On a topic unrelated i have a big passion for architecure but when i see some of those big new build mock georgion style houses in the country side i just see a very cold and bland building without any character. If folk are going to spend a lot of money on such a big house at least they should have sash windows. I personally think they always add charm to a house.

I am not from Belfast but when i go there and see some of the new developments i am very disappointed, Belfast has some beautiful art deco style old buildings which would look splendid if they were brought back to life such as the old bank of ireland building close to castle court.

Back on topic, we probably will wait to the dust settles over the winter and reality bites more for the housing market until we decide to look into buying again. We are in a good position in that we have cash and can act quickly. We could buy the house we presently rent for a fair price but if we did it would probably only be an interim move. We would wish to move to a home more of our liking in the future. The problem would be that we would then be in a chain and we think its best not to give away the advantage we have at the moment where we are cash strong.

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Returning to the topic of rateable value and unreaslistic sellers i have a friend who is thinking about selling his house. Its a nice house but not out of the ordinary for the area. Rateable value is approx 215k which seems about fair to me in todays market. The biggest apeal with it however is the very big and private rear garden which i would value very highly but i dont think this is probably included in ratebble values because other houses a few doors away have a similar rateable value but without such an exclusive and private garden. I would value the garden alone at 50k.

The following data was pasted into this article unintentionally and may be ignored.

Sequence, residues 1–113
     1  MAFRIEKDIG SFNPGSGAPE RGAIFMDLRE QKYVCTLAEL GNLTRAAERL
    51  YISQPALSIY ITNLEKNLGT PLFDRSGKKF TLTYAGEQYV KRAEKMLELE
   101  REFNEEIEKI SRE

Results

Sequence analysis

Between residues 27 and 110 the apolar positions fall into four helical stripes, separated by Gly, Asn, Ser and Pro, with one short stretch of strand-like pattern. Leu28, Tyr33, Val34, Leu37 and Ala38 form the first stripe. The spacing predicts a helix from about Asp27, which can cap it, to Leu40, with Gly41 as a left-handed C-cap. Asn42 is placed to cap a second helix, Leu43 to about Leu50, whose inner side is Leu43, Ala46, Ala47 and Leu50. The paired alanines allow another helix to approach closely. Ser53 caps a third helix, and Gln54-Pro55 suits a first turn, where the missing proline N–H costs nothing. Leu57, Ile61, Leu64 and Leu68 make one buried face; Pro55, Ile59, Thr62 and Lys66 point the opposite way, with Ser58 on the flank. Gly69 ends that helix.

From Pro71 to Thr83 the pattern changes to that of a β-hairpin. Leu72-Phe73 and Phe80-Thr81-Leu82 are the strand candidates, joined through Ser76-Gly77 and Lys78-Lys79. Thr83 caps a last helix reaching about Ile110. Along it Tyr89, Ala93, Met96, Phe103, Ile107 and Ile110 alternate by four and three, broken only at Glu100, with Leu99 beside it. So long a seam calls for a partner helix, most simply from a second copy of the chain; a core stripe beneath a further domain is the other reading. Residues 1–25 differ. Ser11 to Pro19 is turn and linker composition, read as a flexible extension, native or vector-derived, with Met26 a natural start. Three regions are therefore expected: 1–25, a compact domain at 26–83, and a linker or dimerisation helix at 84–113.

However, to illustate how unrealistic some people are my friend wants 375k for the house. He owns the house more or less outright with not much of an existing mortgage but because it was valued on paper at 375k a few years ago he still thinks thats what it should be worth.

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Returning to the topic of rateable value and unreaslistic sellers i have a friend who is thinking about selling his house. Its a nice house but not out of the ordinary for the area. Rateable value is approx 215k which seems about fair to me in todays market. The biggest apeal with it however is the very big and private rear garden which i would value very highly but i dont think this is probably included in ratebble values because other houses a few doors away have a similar rateable value but without such an exclusive and private garden. I would value the garden alone at 50k.